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18.01.2012 Business & Finance

Volta Experiences Slow Business

By Daily Guide
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Residents, traders, commercial drivers, as well as business operators in the Volta region have expressed worry about the prevailing harsh economic conditions.

A cross-section of residents told CITY & BUSINESS GUIDE that many businesses have been recording low sales since Christmas.

Gifty Dovor, a yam seller who doubles as a hair dresser, noted that 'people are not buying items.'

A retailer of rice, oil and provisions, Peace Atta noted that 'economy menyo!'to wit 'the economy is bad, stressing that patronage of her items has not been encouraging in past few weeks.

A lot of people, who shared similar sentiments, attributed the situation to the recent increase in transportation fares.

They added the increment in school fees and learning materials for their school children had worsened the situation.

Civil servants said their migration onto the Single Spine Salary Structure (SSSS) had been helpful.

Market women said although the prices of pepper, tomatoes, onions are cheap, patronage has declined. However, prices of roots and tubers like cassava, yam and plantain have also increased.

The prices of dried, smoked or fresh fish have increased while prices of rice canned foods and cooking oils vary from shop to shop.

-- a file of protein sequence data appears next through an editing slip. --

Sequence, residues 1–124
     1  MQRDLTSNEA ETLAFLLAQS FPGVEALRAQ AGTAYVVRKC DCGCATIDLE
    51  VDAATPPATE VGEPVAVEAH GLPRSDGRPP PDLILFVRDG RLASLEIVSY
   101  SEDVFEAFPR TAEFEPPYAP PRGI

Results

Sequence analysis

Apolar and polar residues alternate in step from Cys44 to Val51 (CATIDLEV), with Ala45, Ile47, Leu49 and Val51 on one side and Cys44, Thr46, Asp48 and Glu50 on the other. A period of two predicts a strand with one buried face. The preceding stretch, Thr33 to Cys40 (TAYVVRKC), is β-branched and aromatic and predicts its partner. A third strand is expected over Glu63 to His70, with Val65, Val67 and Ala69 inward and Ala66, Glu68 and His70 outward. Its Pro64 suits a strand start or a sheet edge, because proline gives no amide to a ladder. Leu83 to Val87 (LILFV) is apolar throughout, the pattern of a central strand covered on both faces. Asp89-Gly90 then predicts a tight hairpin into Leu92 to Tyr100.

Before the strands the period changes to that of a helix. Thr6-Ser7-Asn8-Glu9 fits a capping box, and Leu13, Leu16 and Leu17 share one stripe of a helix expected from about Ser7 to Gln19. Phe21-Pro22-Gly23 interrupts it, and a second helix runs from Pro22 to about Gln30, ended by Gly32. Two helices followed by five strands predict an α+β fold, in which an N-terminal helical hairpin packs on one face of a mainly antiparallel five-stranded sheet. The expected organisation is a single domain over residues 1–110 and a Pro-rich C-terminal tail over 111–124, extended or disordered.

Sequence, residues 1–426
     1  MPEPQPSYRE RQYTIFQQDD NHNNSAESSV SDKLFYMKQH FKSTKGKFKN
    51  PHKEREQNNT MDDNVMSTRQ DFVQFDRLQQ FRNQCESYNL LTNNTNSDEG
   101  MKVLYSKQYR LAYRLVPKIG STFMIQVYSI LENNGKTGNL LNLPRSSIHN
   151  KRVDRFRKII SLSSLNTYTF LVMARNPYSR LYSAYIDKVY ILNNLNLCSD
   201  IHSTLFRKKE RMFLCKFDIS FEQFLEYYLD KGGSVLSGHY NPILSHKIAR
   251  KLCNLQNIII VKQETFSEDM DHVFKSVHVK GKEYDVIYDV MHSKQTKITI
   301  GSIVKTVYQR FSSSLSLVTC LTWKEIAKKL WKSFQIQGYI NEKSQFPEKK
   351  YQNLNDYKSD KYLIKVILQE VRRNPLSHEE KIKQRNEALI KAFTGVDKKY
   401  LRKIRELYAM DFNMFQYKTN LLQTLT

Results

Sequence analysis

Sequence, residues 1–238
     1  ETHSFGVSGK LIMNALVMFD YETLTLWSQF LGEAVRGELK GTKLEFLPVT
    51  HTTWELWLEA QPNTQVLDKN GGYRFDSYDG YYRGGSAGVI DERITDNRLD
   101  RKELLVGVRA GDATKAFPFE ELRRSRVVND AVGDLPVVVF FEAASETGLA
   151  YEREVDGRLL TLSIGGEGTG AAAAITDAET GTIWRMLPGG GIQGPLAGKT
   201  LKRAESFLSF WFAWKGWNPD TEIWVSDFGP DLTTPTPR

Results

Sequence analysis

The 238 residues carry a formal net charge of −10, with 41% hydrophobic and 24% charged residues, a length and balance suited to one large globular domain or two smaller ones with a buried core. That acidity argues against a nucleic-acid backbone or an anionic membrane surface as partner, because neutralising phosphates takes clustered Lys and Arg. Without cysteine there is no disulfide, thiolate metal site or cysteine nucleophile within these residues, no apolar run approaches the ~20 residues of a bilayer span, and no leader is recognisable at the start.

Prices of items at shops, which have old stocks, have not changed while those who have new supplies have increased prices.

The paper visited the Metro Mass Transport Company, Ghana Private Road Transport Union GPRTU and the Progressive Transport Owners Association (PROTOA) to access the situation.

At MMT, the drivers had increased the fare from Ho to Accra from GH¢4.50 to GH¢5.00.

The fare from Ho to Kumasi was increased from GH¢8.50 to GH¢9.50, Ho to Aflao (GH¢2.50 to GH¢3.00) and Ho to Hohoe from GH¢2.70 to GH¢3.20.

For other private transport operators, GPRTU, PROTOA and Cooperative, transportation fares from Ho to Accra which ranged between GH¢6.00 and GH¢6.50 had been increased to between GH¢7.00 and GH¢8.00 while that from Ho to Hohoe had been increased from GH¢3.00 to GH¢4.00.

The fare charged by drivers from Ho to Kumasi, which ranged from GH¢10.00 and GH¢13.00, was increased to between GH¢11.00 and GH¢14.00.

Transportation fares within Ho and neighbouring towns and villages which ranged from GH¢0.45p to GH¢0.70p now ranges from GH¢0.50p to GH¢1.00.

Tracy Rita Amegbo noted that the increases in transportation fares had  affected her family budget.

Ironically, most of the drivers noted that they passed the cost of the fuel onto the passengers.

One of them, Sephas Ameho, said there have been increases in the prices of some spare parts.

Similar views were shared by residents in other parts of the region.

They revealed that they were unable to travel to the city centres to sell their farm produce because of the current fares charged by drivers.  

From Fred Duodu, Ho

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